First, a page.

• September 09, 2020

    Smart lockers save Belltown from dwelling and delivery emissions

    Belltown residents will have an easier time receiving their packages with the launch of a smart locker system by the University of Washington’s Urban Freight Lab (UFL) in Seattle’s Belltown neighborhood last August.

    UFL’s U.S. Department of Energy-funded project is part of a three-year study focused on “measuring emissions associated with moving goods,” based on “local delivery vehicle travel patterns,” according to the Belltown lockers website. Their goal is to decrease city delivery emissions and dwell time, while increasing the “productivity of load/unload parking spaces,” according to a press release. 

    This project is also in partnership with the City of Seattle, King County Metro, Sound Transit, CBRE, Puget Sound Clean Air Agency, and the City of Bellevue.

    UPS, FedEx, and other major carriers can now drop packages off at UFL’s Belltown locker location, which is easily accessible, contactless, and available 24/7, so users can retrieve their items safely and at their own convenience. 

    “The explosion of online shopping has flooded the streets of Seattle and many other cities with delivery vehicles, and the trend is expected to grow even further in the coming years, resulting in increased congestion and negative environmental impacts,” UFL Manager and Research Scientist, Andisheh Ranjbari, said in a press release. “So, it is important to evaluate new solutions such as open network locker systems, to help cities mitigate the harmful impacts of increased online shopping on congestion and carbon emissions.”

    Belltown locals are invited to sign up for free online, order their packages to the Belltown pick-up location, and retrieve their items within seven days of delivery. 

    For this project, UFL is working in collaboration with Parcel Pending by Quadient, and parking magnate REEF. This isn’t the first time the UFL and Parcel Pending have teamed up; as part of an initial pilot program in 2018, the two introduced an open-network locker system to the Seattle Municipal Tower, a project that was partially funded by PacTrans.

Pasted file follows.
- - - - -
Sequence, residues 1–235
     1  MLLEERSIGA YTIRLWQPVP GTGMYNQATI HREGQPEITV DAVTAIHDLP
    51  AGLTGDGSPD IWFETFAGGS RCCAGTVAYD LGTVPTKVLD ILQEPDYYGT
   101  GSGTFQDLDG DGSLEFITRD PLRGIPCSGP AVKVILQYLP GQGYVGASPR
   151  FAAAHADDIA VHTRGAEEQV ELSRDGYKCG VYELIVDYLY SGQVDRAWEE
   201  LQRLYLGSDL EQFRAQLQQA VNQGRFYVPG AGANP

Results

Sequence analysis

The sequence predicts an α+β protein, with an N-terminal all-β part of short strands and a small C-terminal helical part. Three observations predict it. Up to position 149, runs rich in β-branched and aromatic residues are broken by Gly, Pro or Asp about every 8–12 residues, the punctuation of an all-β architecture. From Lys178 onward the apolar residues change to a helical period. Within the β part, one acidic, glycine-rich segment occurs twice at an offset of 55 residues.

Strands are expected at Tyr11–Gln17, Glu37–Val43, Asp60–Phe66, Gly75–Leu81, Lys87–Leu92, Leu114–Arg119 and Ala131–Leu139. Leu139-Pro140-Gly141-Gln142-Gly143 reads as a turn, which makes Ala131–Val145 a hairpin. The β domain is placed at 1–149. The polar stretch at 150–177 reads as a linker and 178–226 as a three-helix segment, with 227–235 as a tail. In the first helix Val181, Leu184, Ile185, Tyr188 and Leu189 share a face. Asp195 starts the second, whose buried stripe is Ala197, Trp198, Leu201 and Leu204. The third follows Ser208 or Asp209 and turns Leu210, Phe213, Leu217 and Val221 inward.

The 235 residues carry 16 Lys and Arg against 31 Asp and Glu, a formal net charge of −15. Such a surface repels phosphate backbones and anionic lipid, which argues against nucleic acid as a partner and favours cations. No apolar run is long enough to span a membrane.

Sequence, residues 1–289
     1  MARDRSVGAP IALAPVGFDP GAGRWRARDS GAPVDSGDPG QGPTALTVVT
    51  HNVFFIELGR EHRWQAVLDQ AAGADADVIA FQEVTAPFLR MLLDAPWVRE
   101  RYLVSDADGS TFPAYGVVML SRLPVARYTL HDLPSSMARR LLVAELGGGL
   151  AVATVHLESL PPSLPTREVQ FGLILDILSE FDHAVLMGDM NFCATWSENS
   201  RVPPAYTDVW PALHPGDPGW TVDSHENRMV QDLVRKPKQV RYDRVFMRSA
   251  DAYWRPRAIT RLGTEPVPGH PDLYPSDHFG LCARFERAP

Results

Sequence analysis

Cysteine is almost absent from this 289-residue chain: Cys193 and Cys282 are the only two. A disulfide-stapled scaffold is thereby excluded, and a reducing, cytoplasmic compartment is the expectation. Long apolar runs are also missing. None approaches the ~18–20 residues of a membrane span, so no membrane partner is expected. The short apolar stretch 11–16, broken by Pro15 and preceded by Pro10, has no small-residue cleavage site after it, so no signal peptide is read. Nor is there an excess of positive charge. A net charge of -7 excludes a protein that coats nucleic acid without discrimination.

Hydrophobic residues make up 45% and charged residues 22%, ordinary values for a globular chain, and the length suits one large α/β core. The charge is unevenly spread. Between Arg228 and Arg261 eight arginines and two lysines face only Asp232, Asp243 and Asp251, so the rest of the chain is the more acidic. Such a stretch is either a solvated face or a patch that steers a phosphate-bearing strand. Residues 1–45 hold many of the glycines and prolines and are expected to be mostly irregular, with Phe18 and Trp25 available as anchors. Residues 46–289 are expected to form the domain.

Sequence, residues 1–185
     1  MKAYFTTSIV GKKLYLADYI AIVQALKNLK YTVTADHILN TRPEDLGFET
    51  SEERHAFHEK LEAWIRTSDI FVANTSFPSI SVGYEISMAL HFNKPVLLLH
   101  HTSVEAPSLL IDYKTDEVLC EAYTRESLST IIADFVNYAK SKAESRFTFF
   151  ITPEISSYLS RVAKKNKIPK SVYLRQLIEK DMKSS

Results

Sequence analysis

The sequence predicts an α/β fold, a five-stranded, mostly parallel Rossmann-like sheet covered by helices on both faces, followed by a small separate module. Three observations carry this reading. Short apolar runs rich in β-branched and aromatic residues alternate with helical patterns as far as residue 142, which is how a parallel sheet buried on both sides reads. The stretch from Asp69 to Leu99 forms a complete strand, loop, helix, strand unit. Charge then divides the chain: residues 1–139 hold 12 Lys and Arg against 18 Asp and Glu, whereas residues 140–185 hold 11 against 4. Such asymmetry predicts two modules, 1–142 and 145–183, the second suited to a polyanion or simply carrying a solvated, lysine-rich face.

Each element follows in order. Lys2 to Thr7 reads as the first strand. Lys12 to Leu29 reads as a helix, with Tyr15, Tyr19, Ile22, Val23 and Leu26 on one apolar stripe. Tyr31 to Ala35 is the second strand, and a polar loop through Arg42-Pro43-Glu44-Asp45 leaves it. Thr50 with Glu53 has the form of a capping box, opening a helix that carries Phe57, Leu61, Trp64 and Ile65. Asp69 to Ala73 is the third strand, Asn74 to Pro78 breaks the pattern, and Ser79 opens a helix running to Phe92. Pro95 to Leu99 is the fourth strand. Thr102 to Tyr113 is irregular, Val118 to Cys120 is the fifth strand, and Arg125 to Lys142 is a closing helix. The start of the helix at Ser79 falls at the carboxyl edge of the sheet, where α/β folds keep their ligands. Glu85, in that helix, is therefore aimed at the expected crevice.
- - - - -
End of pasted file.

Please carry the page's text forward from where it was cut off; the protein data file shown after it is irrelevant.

The pilot aimed to reduce the number of failed first delivery attempts, in which it succeeded by completely eliminating the issue. It also “reduced [the] time needed for deliveries by 78% when compared to traditional floor-to-floor and door-to-door delivery,” according to a press release. 

    “Parcel Pending is honored to assist The Urban Freight Lab with the implementation and technical support for this research project,” SVP Business Development for Parcel Pending, Kate Reidel, said in a press release. “Our lockers provide a safe, secure and most importantly contact-free way for consumers to retrieve their online orders and packages at their convenience. We’re confident that our lockers will help expedite the overall package management process in Seattle and have a positive impact on the environment while also saving retailers and delivery services valuable time and money.”

    The UFL is “housed in the Supply Chain Transportation and Logistics Center at the University of Washington,” and is “an innovative partnership bringing together private industry, academic researchers, and public transportation agencies to solve urban freight management problems that overlay private and public spaces and control and have benefits for both,” according to their website.